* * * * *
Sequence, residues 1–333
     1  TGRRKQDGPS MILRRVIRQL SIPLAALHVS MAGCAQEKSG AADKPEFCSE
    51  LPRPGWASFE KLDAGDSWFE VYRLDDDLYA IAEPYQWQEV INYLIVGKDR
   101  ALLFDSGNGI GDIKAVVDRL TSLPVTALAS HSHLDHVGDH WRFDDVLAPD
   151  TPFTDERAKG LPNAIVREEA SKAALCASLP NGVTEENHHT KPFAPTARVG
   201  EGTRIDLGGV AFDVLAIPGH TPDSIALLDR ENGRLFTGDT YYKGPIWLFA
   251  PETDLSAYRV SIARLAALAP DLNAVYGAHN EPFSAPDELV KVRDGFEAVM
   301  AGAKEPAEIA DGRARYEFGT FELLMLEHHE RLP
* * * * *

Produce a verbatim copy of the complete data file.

Sequence, residues 1–333
     1  TGRRKQDGPS MILRRVIRQL SIPLAALHVS MAGCAQEKSG AADKPEFCSE
    51  LPRPGWASFE KLDAGDSWFE VYRLDDDLYA IAEPYQWQEV INYLIVGKDR
   101  ALLFDSGNGI GDIKAVVDRL TSLPVTALAS HSHLDHVGDH WRFDDVLAPD
   151  TPFTDERAKG LPNAIVREEA SKAALCASLP NGVTEENHHT KPFAPTARVG
   201  EGTRIDLGGV AFDVLAIPGH TPDSIALLDR ENGRLFTGDT YYKGPIWLFA
   251  PETDLSAYRV SIARLAALAP DLNAVYGAHN EPFSAPDELV KVRDGFEAVM
   301  AGAKEPAEIA DGRARYEFGT FELLMLEHHE RLP